There is hope for Christian-owned bed & breakfasts that restrict double rooms to married couples only, following a Court of Appeal ruling issued today.
Although the B&B at the centre of the case lost its appeal, the court said its marriage policy should not be regarded as “direct discrimination” against same sex couples.
The Master of the Rolls Lord Dyson said in his ruling that he would prefer to treat such a policy as indirect discrimination, which can be lawful if the policy is justified.
But he said he “reluctantly” had to follow a previous ruling in a similar case which held the policy to be direct discrimination, which does not allow for any justification.
Lord Dyson’s comments are a step in the right direction for the civil liberty of people to act upon their sincere beliefs about marriage.
The ruling relates to the case of B&B owner Susanne Wilkinson, who says she was trying to uphold her beliefs about marriage in her family-run B&B, near Cookham in Berkshire.
But she was sued by gay couple, Michael Black and John Morgan, after they were told they couldn’t have a double bed in March 2010.
In October 2012 a county court ruled against Mrs Wilkinson saying her policy directly discriminates against gay couples. The court ordered her to pay £3,600 in damages.
While upholding that ruling, the Court of Appeal says it would prefer to say her policy amounts to indirect discrimination – which can be permitted if it is justified.
In looking at justification, the Court acknowledged that religious rights are of equal importance to sexual orientation rights.
However, in this particular case, the Court said Mrs Wilkinson’s policy would not be justified because she could convert her B&B to single bed accommodation without it having a fatal economic impact on her.
That would open the door for other B&Bs to maintain a ‘married couples only’ policy for double rooms, if they can show the policy is justified. Such cases will depend on their particular facts.
A similar case involving another B&B, owned by Peter and Hazelmary Bull from Cornwall, is due to be heard by the Supreme Court later this year.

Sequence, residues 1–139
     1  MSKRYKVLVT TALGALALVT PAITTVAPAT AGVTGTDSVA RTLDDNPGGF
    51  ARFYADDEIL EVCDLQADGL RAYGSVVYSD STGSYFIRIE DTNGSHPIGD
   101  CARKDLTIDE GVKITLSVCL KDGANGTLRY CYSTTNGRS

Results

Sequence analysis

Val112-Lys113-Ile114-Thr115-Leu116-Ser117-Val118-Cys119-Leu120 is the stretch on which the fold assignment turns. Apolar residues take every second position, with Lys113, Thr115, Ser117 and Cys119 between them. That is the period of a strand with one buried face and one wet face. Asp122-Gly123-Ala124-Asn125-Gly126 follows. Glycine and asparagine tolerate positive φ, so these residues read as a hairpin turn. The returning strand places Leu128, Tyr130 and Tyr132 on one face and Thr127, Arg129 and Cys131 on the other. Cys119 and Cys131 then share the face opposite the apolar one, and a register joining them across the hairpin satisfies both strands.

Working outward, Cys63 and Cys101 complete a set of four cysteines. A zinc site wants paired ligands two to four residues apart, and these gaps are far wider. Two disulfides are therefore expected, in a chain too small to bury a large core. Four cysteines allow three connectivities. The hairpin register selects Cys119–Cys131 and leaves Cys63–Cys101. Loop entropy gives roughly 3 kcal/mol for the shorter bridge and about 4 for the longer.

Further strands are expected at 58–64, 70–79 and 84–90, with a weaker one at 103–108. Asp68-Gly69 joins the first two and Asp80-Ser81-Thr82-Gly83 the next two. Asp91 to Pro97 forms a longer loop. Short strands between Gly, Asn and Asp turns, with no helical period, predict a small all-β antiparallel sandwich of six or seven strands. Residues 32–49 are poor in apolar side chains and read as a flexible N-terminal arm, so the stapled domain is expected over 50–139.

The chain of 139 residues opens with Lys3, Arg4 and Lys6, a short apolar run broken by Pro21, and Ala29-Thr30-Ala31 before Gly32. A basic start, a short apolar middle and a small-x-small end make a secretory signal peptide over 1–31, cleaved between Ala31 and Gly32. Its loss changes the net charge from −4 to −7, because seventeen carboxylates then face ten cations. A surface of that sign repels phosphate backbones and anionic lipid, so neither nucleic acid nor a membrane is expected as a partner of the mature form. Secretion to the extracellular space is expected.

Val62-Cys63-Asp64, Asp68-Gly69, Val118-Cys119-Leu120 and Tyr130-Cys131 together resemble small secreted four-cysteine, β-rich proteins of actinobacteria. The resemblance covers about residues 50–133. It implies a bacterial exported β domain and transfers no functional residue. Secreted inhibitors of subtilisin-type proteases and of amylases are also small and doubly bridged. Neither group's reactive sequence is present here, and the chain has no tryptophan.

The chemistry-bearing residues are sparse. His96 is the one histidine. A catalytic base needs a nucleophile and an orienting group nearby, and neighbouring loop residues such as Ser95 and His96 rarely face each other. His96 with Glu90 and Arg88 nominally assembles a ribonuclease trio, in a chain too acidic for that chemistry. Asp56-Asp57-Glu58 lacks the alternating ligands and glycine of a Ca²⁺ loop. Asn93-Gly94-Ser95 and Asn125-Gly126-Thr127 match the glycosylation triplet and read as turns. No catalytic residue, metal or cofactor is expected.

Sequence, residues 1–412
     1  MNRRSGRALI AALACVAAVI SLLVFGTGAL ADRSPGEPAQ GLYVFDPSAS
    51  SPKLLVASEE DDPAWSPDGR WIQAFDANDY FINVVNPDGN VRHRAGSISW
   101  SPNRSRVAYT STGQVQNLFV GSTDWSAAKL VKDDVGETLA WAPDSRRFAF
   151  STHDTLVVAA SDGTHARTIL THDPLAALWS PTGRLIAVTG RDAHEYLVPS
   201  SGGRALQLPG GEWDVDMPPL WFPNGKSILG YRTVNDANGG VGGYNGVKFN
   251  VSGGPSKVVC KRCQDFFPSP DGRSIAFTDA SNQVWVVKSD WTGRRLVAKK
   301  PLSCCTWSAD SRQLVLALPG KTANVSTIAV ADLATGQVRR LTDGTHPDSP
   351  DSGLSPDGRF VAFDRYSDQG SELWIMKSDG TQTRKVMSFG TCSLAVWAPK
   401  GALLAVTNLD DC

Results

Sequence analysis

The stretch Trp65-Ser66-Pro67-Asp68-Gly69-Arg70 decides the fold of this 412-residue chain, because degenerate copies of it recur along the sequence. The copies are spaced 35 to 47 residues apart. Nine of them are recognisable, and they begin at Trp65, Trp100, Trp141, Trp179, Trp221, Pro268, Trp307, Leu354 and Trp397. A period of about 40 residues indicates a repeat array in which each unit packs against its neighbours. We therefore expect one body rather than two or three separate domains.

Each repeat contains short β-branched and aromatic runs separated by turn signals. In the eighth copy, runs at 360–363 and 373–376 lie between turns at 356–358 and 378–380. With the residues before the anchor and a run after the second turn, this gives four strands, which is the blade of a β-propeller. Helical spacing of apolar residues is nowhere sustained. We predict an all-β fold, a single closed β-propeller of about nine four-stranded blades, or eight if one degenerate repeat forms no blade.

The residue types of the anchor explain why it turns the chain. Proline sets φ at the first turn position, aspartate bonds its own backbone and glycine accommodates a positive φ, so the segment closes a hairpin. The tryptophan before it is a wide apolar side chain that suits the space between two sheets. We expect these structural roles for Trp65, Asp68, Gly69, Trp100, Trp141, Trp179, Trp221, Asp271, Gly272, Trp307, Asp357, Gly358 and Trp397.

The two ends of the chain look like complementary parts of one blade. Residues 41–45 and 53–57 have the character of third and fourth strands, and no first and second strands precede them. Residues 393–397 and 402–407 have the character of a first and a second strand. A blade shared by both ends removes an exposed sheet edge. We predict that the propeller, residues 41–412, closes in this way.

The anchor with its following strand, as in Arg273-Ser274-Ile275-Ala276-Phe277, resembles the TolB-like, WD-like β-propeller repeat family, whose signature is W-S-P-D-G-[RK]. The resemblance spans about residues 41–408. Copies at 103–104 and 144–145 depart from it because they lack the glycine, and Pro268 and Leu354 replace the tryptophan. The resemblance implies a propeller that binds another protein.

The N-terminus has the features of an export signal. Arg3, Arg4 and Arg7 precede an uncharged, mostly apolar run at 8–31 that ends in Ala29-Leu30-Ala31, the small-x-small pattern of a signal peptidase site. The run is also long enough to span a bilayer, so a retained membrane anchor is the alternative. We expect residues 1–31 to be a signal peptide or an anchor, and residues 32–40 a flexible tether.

Permission has been granted for Mrs Wilkinson to appeal, and her case could be joined with the Bulls so that the Supreme Court can hear both cases together.
Reacting to the ruling, Mrs Wilkinson said: “I am disappointed to have lost at this stage, but I am pleased that there is hope for people like me who believe in marriage.
“In particular, I am pleased that in his ruling Lord Dyson, Master of the Rolls, has stated that in his opinion mine ought not to be a case of direct discrimination.
“I am also encouraged that the three presiding High Court judges have affirmed that the human right of religious belief is intrinsically as important as that of homosexual orientation and that neither right in principle trumps the other.
“I am, however, disappointed that the court felt it had to follow adverse rulings on a similar case relating to direct discrimination, although I take some comfort in the judge’s remark that he did so ‘reluctantly’.
“I am also disappointed with the judges’ weighing up of the specific facts of the case and their bearing on indirect discrimination. In particular their justification that a change on my part whereby I would limit double rooms to single occupancy would not necessarily be economically fatal.
“This economic justification does not place sufficient weight on the principle involved by which I seek to conscientiously operate my business according to biblical values.
“Surely in our diverse 21st century UK society there is ample room for a variety of lifestyles with many thousands of other B&Bs being willing to accommodate unmarried couples.
“It’s sad that cases like this are coming to court in a country that has a great Christian heritage. However, whatever the outcome of my case, my faith is grounded in a sovereign, loving and unchanging God and his eternal plans and purposes.”
Her appeal to the Court of Appeal was paid for by The Christian Institute, a national charity that defends the civil liberty of Christians.
Spokesman Mike Judge said: “I’m disappointed for Susanne that she didn’t succeed on this occasion, but I am pleased that the court has taken a step in the right direction.
“For the first time in cases like these, the court has properly engaged in arguments of justification, and attempted to balance religious rights and sexual orientation rights.
“Balance is the key word. There should be more even-handedness for Christians who hold traditional views about marriage.”